Additional Resources To Use Alongside FCC?

I recently started the Front End Development course and have just finished the HTML5 and CSS section. I have no prior knowledge of programming but I understand that it’s important to learn more even outside of FCC.
Are there any specific books, videos, additional resources, etc, that are recommended for usage alongside the course? I mean things related to the course, so that they supplement and help with what I’m doing here. There are so many things out there, so it’s a little bit confusing for me.

Thanks in advance!

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I was about to ask the same thing. It seems like FCC is great for learning front end, but not good for learning back end. For back end, it seems like some other resources or plan of action are needed. I’ve been going through Michael Hartl’s Ruby On Rails book myself.

Hi, I use and also Both are great in my opinion. I mainly put up the w3 Schools tab next to FCC and reference both back and forth.

Hope this helps! :clown_face:

Thanks! I just checked W3 out and I’m guessing you just open the relevant tutorial to whatever section you’re working on in FCC? Is it the same with Code Academy or do you just do one of their courses (as a normal student) alongside FCC?

I typically only use W3 or MDN for reference. There are a few other curated curriculum’s out there similar to FCC which I try to follow along with.

These two come to mind as good collections to links to a lot of valuable information.

Are you looking for free resources, or would paid/inexpensive resources be ok too?

Either way, I’d recommend doing this before you jump into FCC’s JavaScript section (it’s free):

I don’t mind paid resources if they’re good and inexpensive. I’ll check out the course you’ve linked. Thanks!

I just started the Odin Project today after some research. Hoping the synergy between it and FCC will be good haha


I mainly use w3 schools as my supplement to each lesson in FCC, but yes, codecademy is great if you want another course to do along with FCC.

In answer to your question, Codecademy is more a whole other course, but it is great for helping you cement what you are doing in FCC.

W3 Schools is great because, yes, you can just look up the relevant section that you are currently working on in FCC.

I hope this helps!

I’d recommend doing these in the order indicated (and finishing each one before moving on to the next one, except where indicated):

  1. ($0) FCC’s HTML and CSS sections, including up through Basic Front End Development Projects

  2. ($0) CS50X on edX by Harvard:

  • Optional for those who either already have a degree in computer science (or math, which would be equivalently applicable), or have moderate proficiency with C, or an object-oriented language (C++, Java, Python, Ruby, et al)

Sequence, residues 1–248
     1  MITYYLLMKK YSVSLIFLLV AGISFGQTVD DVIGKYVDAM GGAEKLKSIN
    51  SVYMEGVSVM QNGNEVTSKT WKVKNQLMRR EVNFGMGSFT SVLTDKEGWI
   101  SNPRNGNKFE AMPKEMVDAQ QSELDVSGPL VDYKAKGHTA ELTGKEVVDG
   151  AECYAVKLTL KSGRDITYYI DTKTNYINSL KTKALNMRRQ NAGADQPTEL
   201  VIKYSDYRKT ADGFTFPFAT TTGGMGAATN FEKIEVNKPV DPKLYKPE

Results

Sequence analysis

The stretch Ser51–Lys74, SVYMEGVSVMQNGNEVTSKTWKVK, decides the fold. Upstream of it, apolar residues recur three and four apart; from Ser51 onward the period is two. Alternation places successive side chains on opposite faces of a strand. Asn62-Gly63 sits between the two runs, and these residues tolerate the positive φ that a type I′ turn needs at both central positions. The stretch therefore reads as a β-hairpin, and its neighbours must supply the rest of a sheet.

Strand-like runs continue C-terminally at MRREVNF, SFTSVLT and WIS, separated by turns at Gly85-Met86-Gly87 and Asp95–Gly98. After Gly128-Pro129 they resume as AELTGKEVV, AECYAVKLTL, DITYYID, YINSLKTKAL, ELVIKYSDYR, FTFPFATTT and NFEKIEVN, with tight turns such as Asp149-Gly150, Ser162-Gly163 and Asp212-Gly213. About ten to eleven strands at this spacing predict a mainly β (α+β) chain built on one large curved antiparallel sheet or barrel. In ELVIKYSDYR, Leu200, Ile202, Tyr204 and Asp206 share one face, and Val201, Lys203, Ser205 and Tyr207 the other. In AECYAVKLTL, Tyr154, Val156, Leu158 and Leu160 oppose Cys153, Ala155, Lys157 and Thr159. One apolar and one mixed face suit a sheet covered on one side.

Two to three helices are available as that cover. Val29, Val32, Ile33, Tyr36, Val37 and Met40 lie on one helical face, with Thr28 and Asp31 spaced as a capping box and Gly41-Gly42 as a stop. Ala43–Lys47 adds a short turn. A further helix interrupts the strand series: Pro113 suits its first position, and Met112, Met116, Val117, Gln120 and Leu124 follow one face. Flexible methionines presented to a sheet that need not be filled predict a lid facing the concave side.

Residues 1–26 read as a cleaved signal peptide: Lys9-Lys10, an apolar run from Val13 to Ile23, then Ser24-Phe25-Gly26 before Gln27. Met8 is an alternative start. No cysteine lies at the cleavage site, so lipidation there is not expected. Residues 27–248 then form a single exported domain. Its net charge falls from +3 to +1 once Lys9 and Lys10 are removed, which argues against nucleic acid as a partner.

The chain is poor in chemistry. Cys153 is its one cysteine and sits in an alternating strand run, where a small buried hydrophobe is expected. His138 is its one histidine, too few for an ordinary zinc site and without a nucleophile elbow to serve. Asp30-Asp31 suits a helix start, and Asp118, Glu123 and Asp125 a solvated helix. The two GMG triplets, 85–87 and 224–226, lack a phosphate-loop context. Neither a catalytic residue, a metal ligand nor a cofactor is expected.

1. ($0) “Practical JavaScript” on Watch and Code by Gordon Zhu (which I linked earlier)

  2. ($29/mo) HTML/CSS path (all courses) and JavaScript path (top 5 courses on the core JavaScript Language) on Code School

  • You only need to pay for 1 month to have enough time to complete the above material :wink:
  1. ($19/mo w/ 1-month trial period, or free through academic & government organizations like your local public library) “Become a Front-End Web Developer” learning path on Lynda
  • I’d recommend pausing on this path after finishing course #7 in the path, CSS Essential Training 2, and resuming on the path after finishing resource #6 on this list
  • I’d also recommend doing these courses in addition to get a solid foundation in HTML and CSS: “HTML5: Structure, Syntax, and Semantics”, “Learning CSS”, and “CSS: Page Layouts
  • This learning path should take no more than 1 month to complete (up through course #7 anyway, though paying for 1 more month might be needed when returning to finish the path)
  1. ($10 when on sale) “The Web Developer Bootcamp” on Udemy by Colt Steele
  • Expect this course to take a while (it took me about 3 months to complete)
  • It’s not necessary to finish this course before moving on to #7 below, but I’d recommend getting up to at least the “Node JS” section before moving on
  1. ($99/yr w/ 14-day trial period) “Learn JavaScript Syntax and Programming Principles” on SitePoint Premium by M. David Green
  • 14 days (SitePoint’s trial period) is more than enough time to do this course, so it might make sense to do M. David Green’s “Master JavaScript Closures, Data Structures and Map/Reduce” course within the trial period as well